From The Beacon: Find first efforts from freshmen authors

"A good book is the purest essence of a human soul." Thomas Carlyle

Nothing is quite as satisfying as finding a new book by a debut author to brilliantly tickle your literary taste buds. Several must-read, first-time novels hit the market this year. Take notice of these new and notable books and authors:

Fans of Southern fiction will want to place "Stiltsville" on their "must-read" list for fall. In "Stiltsville," debut novelist Susanna Daniel takes a cue from her own childhood living in a stilt home on Biscayne Bay, Fla. Readers are introduced to main character Frances Ellerby at the opening of the story, as the then-26-year-old stumbles upon Stiltsville, a South Florida community of stilt houses. Over the course of the book, we experience life's ups and downs as Frances and her husband, Dennis, work to build and balance marriage and family. This book has it all: Southern lifestyle, a lasting love story and how to pick up the pieces when life doesn't turn out like you expected.

Readers that enjoy reading historical events from a different point of view will find a winner in "The Personal History of Rachel DuPree" by Ann Weisgarber. In this pioneer novel, a black family struggles to hold itself together in the South Dakota Badlands. Rachel Dupree and her husband, Isaac, make the move from Chicago to the South Dakota farm they purchased with funds from the Homestead Act only to face drought, racism and suspicion. Open this novel to hear a new layer of voices from the American West.

Avid historical fiction readers need to look no further than "The Blind Contessa's New Machine" by Carey Wallace for their next book selection. This debut novel, set in 19th century Italy, centers on the invention of the typewriter. Young contessa Carolina Fantoni is on the cusp of marrying the town's most eligible bachelor when she discovers her eyesight is fading. No one believes she is going blind except her longtime friend Turri, a local inventor. In order to keep their relationship alive despite Carolina's blindness, Turri constructs an innovative writing contraption -- a typewriter -- so the two can continue their affair. At 224 pages, this is a quick but enjoyable new novel.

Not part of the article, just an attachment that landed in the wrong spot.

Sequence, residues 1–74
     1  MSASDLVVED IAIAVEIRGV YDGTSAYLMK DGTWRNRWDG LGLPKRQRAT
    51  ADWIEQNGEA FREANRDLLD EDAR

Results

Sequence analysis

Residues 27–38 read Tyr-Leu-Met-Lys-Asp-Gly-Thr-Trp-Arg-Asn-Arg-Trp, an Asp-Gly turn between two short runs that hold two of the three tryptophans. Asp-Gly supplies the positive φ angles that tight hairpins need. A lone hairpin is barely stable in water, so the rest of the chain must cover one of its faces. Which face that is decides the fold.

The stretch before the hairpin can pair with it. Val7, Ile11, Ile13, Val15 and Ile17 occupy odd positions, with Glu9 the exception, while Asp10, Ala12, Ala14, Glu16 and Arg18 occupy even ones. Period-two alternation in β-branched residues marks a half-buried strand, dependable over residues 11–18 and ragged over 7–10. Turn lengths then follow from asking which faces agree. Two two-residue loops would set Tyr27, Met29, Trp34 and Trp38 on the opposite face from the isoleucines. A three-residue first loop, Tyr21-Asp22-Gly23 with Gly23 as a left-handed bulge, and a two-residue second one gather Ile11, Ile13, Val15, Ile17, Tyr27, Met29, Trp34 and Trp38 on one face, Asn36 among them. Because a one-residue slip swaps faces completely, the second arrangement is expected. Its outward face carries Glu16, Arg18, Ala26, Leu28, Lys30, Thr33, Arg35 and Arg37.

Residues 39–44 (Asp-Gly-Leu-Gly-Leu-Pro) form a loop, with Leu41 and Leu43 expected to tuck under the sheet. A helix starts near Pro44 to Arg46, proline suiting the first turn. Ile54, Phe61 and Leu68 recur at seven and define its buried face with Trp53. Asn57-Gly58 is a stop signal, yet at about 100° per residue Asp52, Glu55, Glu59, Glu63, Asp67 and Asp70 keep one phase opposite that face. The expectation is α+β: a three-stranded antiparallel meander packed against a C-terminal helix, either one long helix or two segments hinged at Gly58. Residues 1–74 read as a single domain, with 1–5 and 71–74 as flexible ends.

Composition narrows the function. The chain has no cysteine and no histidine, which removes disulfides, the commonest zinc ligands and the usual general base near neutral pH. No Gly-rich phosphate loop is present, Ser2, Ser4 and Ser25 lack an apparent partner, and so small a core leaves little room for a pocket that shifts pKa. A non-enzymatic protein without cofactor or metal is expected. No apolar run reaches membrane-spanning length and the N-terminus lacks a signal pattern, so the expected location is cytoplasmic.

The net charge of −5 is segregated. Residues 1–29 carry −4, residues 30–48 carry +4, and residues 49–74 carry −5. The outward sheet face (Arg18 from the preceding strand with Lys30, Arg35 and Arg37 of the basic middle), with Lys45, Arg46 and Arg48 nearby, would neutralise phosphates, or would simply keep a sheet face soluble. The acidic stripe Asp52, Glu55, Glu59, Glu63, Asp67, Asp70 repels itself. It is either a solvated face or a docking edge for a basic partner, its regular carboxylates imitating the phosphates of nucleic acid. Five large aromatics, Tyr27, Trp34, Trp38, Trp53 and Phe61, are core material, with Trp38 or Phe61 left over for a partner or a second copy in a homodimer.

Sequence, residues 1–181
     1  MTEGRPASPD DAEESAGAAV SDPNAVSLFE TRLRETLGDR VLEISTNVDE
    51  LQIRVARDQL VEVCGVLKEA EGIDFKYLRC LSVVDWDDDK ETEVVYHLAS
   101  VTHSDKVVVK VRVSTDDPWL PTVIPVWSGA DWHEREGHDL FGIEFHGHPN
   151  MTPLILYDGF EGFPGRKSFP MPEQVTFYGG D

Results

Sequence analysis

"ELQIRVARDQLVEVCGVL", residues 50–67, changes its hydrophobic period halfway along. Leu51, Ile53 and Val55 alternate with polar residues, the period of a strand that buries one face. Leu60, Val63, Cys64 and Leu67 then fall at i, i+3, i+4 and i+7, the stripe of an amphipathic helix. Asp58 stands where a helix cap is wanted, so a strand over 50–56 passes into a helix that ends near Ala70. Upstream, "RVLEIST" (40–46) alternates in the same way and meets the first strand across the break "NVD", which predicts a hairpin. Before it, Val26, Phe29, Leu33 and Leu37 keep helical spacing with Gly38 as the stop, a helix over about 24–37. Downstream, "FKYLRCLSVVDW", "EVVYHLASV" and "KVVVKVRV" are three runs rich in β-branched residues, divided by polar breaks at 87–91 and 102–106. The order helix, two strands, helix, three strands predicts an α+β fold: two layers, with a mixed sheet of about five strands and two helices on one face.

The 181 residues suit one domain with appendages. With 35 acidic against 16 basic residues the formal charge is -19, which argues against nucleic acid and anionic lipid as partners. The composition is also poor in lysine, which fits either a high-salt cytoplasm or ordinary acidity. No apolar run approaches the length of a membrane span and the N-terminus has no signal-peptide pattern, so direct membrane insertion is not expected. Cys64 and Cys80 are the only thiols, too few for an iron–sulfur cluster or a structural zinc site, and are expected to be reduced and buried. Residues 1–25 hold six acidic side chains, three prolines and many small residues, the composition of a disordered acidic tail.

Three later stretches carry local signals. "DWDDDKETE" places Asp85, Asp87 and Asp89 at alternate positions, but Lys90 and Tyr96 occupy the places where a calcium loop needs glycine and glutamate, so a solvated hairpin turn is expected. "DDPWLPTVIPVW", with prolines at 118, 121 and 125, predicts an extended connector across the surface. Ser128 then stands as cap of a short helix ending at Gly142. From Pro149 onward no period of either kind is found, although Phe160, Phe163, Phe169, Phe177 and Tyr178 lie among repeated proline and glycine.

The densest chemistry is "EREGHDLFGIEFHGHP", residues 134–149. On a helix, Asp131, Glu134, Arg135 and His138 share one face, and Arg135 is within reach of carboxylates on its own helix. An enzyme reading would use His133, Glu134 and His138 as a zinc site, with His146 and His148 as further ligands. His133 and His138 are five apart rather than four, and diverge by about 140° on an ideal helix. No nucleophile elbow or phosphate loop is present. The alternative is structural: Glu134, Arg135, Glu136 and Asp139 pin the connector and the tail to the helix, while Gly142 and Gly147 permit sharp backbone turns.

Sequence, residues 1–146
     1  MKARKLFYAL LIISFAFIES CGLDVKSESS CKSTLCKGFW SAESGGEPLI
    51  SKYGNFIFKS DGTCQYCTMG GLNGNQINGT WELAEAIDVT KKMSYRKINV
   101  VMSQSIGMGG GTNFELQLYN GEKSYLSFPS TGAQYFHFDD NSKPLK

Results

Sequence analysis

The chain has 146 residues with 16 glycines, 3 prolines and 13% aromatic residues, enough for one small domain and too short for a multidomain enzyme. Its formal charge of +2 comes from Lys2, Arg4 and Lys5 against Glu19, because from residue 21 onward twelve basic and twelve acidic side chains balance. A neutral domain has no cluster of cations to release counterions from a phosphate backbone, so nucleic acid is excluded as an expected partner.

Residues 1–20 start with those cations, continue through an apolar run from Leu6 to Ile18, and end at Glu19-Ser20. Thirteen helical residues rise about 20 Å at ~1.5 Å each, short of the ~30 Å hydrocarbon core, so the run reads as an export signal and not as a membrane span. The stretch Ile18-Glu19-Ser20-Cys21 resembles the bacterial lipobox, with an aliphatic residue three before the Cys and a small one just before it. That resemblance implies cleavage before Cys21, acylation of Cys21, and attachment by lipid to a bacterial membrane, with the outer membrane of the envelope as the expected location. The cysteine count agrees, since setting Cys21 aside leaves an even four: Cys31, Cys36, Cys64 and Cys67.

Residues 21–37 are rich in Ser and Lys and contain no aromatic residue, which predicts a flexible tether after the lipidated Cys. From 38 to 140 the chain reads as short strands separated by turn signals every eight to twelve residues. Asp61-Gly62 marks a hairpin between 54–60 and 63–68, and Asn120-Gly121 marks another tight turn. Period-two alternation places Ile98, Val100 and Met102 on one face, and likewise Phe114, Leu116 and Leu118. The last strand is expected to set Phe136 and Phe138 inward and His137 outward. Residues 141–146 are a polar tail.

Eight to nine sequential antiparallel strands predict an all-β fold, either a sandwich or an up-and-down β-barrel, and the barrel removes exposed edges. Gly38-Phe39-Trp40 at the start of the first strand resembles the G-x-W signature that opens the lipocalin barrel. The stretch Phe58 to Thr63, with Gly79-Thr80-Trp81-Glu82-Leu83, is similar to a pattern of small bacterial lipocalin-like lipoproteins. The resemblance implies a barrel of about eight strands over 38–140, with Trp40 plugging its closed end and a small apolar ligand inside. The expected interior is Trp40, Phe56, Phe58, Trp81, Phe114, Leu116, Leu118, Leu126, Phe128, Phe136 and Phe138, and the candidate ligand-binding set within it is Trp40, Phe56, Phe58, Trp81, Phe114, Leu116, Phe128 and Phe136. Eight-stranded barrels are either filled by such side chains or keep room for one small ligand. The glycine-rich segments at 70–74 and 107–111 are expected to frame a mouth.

Fans of chick lit queens Jennifer Weiner, Emily Giffin and Jane Green will find a new voice in Maggie Pouncey's "The Perfect Reader." In her first published novel, Pouncey brings to life the unforgettable Flora Dempsey, the only child of college professor/literature critic Lewis Dempsey. When her father unexpectedly dies, Flora resigns her position as a magazine editor in the big city to handle her father's final affairs in the small New England town she once called home. Secrets are unearthed as Flora discovers a collection of love poems her father had been writing to a mystery lover. As the tale unravels, Flora faces her father's secrets, the mysterious mistress and how to handle his legacy and her future.

If book club favorites "Shanghai Girls" or "The Joy Luck Club" are your literary choice of fare, "Girl in Translation" by Jean Kwok, should be your club's next choice. Another coming-to-America story, "Girl in Translation" begins with Ah-Kim Chang and her newly widowed mother moving to Brooklyn, N.Y. Kim, as she is now known in the neighborhood, and her mother struggle to make ends meet through hard work at a clothing factory. Although they can barely afford their rent, Kim excels in school and earns entrance to an elite private school where she flourishes. Although immigration is the thread that starts this story, the heartwarming mother-daughter relationship weaves this into a beautiful tale.

No list would be complete without a stellar nonfiction title. David Cullen's "Columbine" is the culmination of 10 years spent researching the Columbine High School shootings. With a journalistic approach, Cullen provides in depth analysis of Dylan Klebold and Eric Harris, the two teenagers behind the shootings. Relying on stacks of interviews, police files, FBI reports and materials from Dylan and Eric's personal belongings, David Cullen's "Columbine" is the definitive source on the Columbine tragedy.